The Discovery of the Hypocretin/Orexin Peptides

In 1998, de Lecea and colleagues7 reported finding a hypothalamic-specific mRNA encoding the precursor of a pair of peptides homologous to secretin. They named the peptides hypocretin 1 and hypocretin 2 (Hcrt1 and Hcrt2) to denote their hypothalamic specificity and their resemblance to secretin. In the same year, Sakurai and colleagues8 identified two neuropeptides that bound and activated two related orphan G protein-coupled receptors. These peptides were found to stimulate food intake when administered centrally to rats. Thus, the investigators called them orexin A and orexin B (from the Greek “orexis,” meaning “appetite”). Later, it became clear that the orexins and the hypocretins were identical. Both of the hypocretins bind to two G protein-coupled receptors (Hcrtr 1 and Hcrtr 2), although hypocretin 2 has low affinity for Hcrtr 1. The cell bodies of hypocretin-producing neurons reside in the hypothalamus. They have dense projections within the hypothalamus but project widely to many other brain areas as well, most densely to the locus ceruleus.9 Four major pathways of hypocretin projection have been identified, two projecting toward the cortex and two toward the brainstem. The two descending pathways impinge on structures well known to be involved in sleep-wake regulation and occurrence of rapid eye movement (REM) sleep. The generous distribution of the hypocretin system suggests that these neuropeptides contribute to multiple physiologic functions, such as food intake, thermoregulation, endocrine function, cardiovascular regulation, and the sleep-wake cycle.9 The neuronal group is small and may not contain more than 10,000–15,000 neurons, suggesting a regulatory role for this newly discovered brain system.

New Discoveries in Animal Models of Narcolepsy

There are strains of dogs affected with narcolepsy and/or cataplexy. The canine syndrome is similar to the one observed in humans, and symptoms begin during the equivalent of early adolescence. Systematic investigation of a large dog colony initially led to identification of the chromosome containing the gene responsible for canine narcolepsy. Later, it was demonstrated that canine narcolepsy is due to a mutation of the gene coding for the hypocretin 2 receptor.10 Around the same time, other researchers observed narcoleptic-like behavior in preprohypocretin knockout mice.11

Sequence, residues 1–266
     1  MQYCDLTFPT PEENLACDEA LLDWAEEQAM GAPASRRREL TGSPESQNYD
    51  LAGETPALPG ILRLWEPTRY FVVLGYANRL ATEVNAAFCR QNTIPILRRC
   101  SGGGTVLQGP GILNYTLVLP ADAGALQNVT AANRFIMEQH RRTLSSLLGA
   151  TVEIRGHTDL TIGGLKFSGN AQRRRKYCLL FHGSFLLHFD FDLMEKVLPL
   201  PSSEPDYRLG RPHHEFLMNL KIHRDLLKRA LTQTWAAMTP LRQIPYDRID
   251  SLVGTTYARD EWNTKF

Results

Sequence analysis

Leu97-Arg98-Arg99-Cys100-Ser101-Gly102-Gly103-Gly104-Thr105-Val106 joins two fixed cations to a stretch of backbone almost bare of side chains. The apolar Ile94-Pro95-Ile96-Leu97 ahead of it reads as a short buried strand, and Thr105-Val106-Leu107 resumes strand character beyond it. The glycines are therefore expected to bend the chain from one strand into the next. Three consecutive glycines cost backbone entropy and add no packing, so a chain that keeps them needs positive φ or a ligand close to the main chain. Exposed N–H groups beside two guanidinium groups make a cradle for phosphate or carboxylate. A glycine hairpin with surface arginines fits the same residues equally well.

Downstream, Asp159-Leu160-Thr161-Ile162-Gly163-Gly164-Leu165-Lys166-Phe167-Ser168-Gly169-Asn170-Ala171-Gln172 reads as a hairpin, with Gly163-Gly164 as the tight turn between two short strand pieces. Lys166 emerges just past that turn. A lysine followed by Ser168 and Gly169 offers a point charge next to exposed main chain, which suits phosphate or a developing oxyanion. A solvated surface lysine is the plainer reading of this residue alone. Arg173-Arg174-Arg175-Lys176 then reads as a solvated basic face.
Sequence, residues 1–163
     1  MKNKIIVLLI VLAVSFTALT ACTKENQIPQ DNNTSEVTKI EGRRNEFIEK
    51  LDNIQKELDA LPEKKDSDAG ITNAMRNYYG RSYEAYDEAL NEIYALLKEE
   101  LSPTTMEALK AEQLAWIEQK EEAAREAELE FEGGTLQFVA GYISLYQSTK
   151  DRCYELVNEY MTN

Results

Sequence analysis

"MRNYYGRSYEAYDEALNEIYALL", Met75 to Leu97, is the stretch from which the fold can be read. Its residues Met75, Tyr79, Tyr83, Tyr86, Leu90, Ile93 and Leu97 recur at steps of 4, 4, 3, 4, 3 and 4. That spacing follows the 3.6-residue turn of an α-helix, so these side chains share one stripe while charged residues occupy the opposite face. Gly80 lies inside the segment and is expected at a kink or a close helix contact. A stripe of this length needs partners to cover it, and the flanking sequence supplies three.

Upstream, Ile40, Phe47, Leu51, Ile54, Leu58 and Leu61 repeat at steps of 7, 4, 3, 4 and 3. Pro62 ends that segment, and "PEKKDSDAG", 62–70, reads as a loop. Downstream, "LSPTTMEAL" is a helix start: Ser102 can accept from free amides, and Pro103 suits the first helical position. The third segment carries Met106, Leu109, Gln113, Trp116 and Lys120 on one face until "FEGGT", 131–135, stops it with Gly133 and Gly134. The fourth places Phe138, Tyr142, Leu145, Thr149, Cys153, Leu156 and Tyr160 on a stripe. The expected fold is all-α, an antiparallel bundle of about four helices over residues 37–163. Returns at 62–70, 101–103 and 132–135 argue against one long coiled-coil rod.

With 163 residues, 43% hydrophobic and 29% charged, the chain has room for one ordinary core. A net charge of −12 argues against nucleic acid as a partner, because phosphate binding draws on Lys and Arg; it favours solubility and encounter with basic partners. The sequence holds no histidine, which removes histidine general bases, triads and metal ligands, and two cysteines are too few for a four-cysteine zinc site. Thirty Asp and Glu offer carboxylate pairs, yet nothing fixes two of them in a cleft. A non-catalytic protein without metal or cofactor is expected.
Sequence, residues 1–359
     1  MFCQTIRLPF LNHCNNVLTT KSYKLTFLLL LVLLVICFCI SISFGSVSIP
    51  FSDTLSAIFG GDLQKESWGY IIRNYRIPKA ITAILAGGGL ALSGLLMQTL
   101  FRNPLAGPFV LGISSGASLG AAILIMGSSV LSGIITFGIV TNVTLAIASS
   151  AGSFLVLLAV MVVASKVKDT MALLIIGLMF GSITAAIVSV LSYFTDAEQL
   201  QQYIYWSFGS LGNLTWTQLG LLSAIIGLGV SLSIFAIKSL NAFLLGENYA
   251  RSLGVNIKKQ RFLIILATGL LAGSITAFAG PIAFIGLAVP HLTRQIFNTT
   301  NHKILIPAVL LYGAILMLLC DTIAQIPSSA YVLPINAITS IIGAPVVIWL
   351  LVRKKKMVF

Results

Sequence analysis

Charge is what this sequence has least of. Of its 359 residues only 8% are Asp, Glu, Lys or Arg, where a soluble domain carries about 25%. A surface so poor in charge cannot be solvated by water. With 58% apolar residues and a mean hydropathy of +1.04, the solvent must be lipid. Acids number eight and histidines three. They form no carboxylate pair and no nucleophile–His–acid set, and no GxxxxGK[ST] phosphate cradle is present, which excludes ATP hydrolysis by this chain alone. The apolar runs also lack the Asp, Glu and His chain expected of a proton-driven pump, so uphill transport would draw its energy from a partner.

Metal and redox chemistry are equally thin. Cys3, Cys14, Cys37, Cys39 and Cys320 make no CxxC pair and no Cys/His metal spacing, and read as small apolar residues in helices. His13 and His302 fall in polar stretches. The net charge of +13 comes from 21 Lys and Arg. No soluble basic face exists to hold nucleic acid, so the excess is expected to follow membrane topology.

Hypocretin/Orexin in Human Narcoleptics

Nishino and colleagues12 hypothesized that human narcolepsy involves a disruption in hypocretin neurotransmission. They measured cerebrospinal fluid hypocretin in nine narcoleptic patients with cataplexy and eight control subjects. Hcrt1 was detected in all control samples. In seven of nine patients, hypocretin levels were below the assay’s limits of detection. In two patients with unquestionable narcolepsy-cataplexy, hypocretin was detectable; one patient’s level was similar to that of the control subjects, and the other’s level was elevated. These results demonstrate a deficiency in hypocretin function in some patients with narcolepsy, possibly due to a defect in hypocretin production. The patients with detectable hypocretin levels were clinically indistinguishable from the other narcoleptic patients. These two cases may reflect an abnormality of the effector-receptor interaction rather than a lack of hypocretin production. More recently, pathologic studies of brains of narcoleptics (compared with those of age-matched control subjects), performed simultaneously at Stanford and UCLA, have demonstrated absence of hypocretin neurons in the hypothalamus.13,14

These observations in human narcoleptics establish obvious links between narcolepsy and the hypocretin system. These findings, along with the those from canine and murine models, suggest that the hypocretin system is of central importance in the development of narcolepsy and have opened new pathways of inquiry into its pathophysiology.

Pathophysiology of Narcolepsy